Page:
PARIS AIR SHOW: ATR boosts its -600 backlog

Paris
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ATR chief Stephane Mayer has unveiled a further 20 orders for the turboprop manufacturer's new -600 derivative, at the same time adding detail to the product and flight test plans for the variant.

The airframer is introducing the -600 as a successor to its ATR 42- and 72-500 series aircraft. Improvements include higher-thrust Pratt & Whitney Canada PW127M engines, improved weight performance, an enhanced cabin and all-new Thales flight-deck. The -600 series is on track to be certified in 2010, with initial deliveries planned for 2011.

Speaking during a media briefing yesterday, Mayer revealed that ATR's 170-aircraft backlog now includes 59 orders for the -600, up 20 from January when the tally stood at 39. During the show ATR has already announced a follow-on order from Vietnam Airlines for two ATR 72-500s and Mayer hints that some -600 orders may be on the cards today.

Fleshing out ATR's plans for -600, Mayer says the variant will include a standard cabin with lighter- weight seats and overhead lockers with 30% more capacity. As part of the cabin revamp ATR will offer a dual-class configuration. The new cabin will also be available as an option for the -500 series.

Another innovation which will be available on both the -500 and -600 is a forward door, making it possible to use the same airbridges as regional jets. "Rear stairs are sometimes seen as not being very modern," says Mayer. He adds that the forward door option has been developed at the request of the Thai air force, which will launch the modification on the -500 series. The first aircraft is slated for delivery later this year.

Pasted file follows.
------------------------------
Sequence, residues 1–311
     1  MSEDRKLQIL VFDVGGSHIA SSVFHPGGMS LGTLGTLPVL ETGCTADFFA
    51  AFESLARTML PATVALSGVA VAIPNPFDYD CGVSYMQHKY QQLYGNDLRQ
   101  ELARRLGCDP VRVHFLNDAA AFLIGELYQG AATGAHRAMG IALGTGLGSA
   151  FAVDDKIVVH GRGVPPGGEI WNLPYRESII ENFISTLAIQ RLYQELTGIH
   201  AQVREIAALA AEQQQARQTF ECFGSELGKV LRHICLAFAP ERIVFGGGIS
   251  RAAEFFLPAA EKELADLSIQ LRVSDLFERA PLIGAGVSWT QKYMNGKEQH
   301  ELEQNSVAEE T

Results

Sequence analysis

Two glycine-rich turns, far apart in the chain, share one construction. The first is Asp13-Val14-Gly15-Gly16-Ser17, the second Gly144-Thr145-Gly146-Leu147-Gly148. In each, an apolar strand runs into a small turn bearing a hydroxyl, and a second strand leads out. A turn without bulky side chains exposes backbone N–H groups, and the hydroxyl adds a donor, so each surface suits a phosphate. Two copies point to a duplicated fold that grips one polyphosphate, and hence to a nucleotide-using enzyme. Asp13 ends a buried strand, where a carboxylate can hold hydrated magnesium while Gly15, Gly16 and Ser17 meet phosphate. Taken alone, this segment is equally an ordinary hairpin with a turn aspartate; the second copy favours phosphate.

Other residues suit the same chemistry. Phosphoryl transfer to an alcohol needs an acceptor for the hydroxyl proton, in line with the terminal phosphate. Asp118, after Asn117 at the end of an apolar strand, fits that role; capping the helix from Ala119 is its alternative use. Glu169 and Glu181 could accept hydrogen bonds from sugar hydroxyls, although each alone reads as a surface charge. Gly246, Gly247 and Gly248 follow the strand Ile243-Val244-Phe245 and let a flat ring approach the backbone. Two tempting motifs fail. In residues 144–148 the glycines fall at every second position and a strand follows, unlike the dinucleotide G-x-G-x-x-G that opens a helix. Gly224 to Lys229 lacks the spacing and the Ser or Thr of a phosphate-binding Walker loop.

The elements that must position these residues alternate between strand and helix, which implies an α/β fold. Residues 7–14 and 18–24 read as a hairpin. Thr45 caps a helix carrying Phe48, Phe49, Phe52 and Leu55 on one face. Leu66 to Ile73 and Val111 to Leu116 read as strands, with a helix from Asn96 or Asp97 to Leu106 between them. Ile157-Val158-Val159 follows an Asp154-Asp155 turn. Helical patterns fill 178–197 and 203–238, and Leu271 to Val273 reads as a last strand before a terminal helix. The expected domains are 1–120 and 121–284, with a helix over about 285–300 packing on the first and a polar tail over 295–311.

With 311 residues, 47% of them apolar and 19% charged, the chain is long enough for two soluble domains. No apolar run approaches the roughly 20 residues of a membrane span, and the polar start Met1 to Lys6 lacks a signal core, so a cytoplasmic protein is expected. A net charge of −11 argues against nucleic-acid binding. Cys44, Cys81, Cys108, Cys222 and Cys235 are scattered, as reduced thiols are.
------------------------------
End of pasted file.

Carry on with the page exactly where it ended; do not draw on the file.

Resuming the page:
ATR is pushing ahead with its -600 development campaign. Testing of the ATR 72-600 is already underway, using an old prototype test bed which has been equipped with all-new cockpit avionics and cabling. This aircraft achieved power-on last December and the first flight is scheduled to take place this summer. ATR plans to manufacture an all-new airframe tor the ATR 42-600 test programme and it is looking to achieve power-on by year-end.

At the interim mark ATR has delivered 18 aircraft and booked 28 new orders: two ATR 42-500s (undisclosed), two ATR 42-600s (Royal Air Maroc), six ATR 72-500s (four for Nigeria's Afrijet Airlines, two undisclosed) and 18 ATR 72-600s (four for Royal Air Maroc, four for the Italian navy and 10 undisclosed).

Mayer is forecasting more than 50 deliveries in 2009, down from his earlier prediction for over 60. He explains: "We have decided to stop our ramp-up. The production of ATRs will remain at a stable level after having been at a historic high. The decision was taken in March to adapt [our production] to the market."

Despite the delivery reduction, ATR's 2009 turnover target remains largely unchanged because of increased customer services revenues. It is expecting to book $1.4 billion in revenues this year.

Last year ATR had 13 cancellations, and a further nine have been added to the tally in 2009. Mayer says: "A little over 10% of our orders have been cancelled, but almost 90% have been confirmed." ATR's total orders have reached 998 since the beginning of the programme. The ATR chief says: "We are very close to our objective to go to 1,000 this year."